Prevention - Avoid overcrowding, maintain a sanitary loft, and most importantly, do not medicate indiscriminately.
Cause - The most common worms found in pigeons today are roundworms hair worms, stomach wall worms, gapeworms, stromglylids and tapeworms.
Symptoms - The symptoms vary with the type of infestation, and conceivably pigeons can live with slight infestations and show no ill effects. Severe infestations generally cause droopiness, loss of weight and some diarrhea. Gapeworms can cause breathing problems. The best way to determine if a worm problem exists is to have the droppings checked.
Prevention - Clean, sanitary lofts are most beneficial to keeping worms in check, but since pigeons often mingle with many hundreds of other birds, a bird can become infested through ingestion of worm eggs from the basket or through contact with stray pigeons. Therefore, it is advisable to develop a preventative worming program in which all birds are wormed at least twice a year.
The most common external parasites that pester our birds are feather lice, red mites, pigeon flies, and mosquitoes. Since parasites like these can occur in almost any climate, they must be accounted for when planning a loft strategy. Feather lice chew holes into the flights or cause other types of visible damage to the feathers, which can affect a show or racing pigeon's performance. The common red mite can be a real problem in some lofts if it becomes established. It commonly hides somewhere in the loft during the day, and at night comes out from its hiding place to bite and feed on the blood of our birds. Besides being a nuisance and not allowing the flock to rest properly, they can help to spread an assortment of diseases. The pigeon fly is probably the most dangerous parasite that can attack our birds. It lives most of its life on our pigeons, leaving only to lay its eggs somewhere in the loft. Pigeon flies bite the birds often, and besides causing considerable discomfort, they can be a major cause of pigeon malaria. Mosquitoes would have to be considered the next worst parasite, simply because they are found in almost all climates. They are the most common carrier pigeon pox virus. The are numerous precautions we can take within our lofts to help control external parasites. In the case of lice, pigeon flies, and even mites, this mostly involves controlling their numbers by quarantining any new birds, and dipping or dusting our birds with pesticides. By keeping our lofts clean, we can eliminate many of the places where mites and flies can hide their eggs.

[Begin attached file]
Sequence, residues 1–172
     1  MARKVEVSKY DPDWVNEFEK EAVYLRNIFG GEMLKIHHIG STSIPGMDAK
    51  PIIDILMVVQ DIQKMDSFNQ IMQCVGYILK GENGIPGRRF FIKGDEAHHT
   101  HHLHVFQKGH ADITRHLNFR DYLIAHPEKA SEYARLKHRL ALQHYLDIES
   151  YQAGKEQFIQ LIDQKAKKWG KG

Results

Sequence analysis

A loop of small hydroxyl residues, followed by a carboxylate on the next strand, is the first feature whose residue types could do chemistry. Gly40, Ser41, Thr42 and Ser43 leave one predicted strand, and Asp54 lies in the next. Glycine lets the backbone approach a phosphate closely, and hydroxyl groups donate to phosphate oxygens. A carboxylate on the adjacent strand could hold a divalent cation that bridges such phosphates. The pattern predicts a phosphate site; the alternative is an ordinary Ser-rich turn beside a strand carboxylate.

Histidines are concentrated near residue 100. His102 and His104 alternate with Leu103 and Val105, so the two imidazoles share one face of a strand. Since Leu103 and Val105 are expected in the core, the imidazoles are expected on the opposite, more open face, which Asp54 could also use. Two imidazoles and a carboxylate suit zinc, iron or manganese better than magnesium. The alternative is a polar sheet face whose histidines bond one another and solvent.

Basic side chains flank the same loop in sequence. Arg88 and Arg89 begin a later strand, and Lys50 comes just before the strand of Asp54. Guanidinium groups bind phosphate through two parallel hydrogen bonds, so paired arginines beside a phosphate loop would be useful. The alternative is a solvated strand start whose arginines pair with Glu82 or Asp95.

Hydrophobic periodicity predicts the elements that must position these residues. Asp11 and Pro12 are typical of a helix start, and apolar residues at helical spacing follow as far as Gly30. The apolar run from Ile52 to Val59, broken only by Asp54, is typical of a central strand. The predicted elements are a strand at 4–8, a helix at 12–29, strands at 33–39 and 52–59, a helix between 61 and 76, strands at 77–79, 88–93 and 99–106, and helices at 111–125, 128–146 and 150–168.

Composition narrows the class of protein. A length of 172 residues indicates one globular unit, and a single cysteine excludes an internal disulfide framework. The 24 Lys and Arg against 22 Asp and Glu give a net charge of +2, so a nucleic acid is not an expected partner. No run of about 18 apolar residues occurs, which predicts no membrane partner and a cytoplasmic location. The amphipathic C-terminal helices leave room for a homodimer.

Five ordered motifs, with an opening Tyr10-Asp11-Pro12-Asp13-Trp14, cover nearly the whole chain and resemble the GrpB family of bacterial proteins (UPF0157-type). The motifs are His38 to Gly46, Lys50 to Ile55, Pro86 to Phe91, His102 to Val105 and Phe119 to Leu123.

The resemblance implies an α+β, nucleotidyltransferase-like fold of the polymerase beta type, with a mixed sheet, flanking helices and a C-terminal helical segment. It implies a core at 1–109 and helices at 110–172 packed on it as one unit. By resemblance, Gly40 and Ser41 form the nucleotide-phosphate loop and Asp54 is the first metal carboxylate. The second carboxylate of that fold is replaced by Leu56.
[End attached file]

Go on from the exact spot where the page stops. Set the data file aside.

Vitamins, Minerals, Teas and Supplements
Many fanciers overlook the importance of performance birds with these products, but the truth is that they may be the most important things that a fancier can give to his pigeons, providing they are already in good health.
Supplements, if given prudently can add to a bird's performance in the shows, in the races, and as a breeder. Since our birds are kept in an unnatural environment, and they cannot receive all the necessary vitamins and trace elements ( minerals ) that they need from grain alone it is extremely important that proper and timely supplements be given. In
Mineral salts such as potassium calcium, magnesium, sodium, etc., help control the fluid balance in the organs and tissues by balancing the acid-base condition in our bird's body fluids. Added electrolytes help shorten the recovery period after physical stress such as racing, showing and feeding young.
It has been proven that at least fifteen different minerals are necessary for our pigeons to maintain proper health. They include calcium, copper, chlorine, iron, iodine, magnesium, manganese, molybdenum, phosphorus, potassium, sodium, selenium, sulfur, and zinc. No pigeon grain gives all the necessary minerals for our pigeons to maintain peak health. Therefore, it is essential that mineral supplements be given. Most European lofts have minerals in front of their birds all the time.
In our travels throughout
Sometimes our birds develop diarrhea, often just after medication treatments, so we wonder how they could be sick when we have just treated them. Often, the birds aren't actually sick, but they do have the loose droppings of sick birds because of the chemical imbalance created by the loss of the lactobacillus bacteria or " friendly bacteria " which inhabit our pigeon's gut and help the digestive process.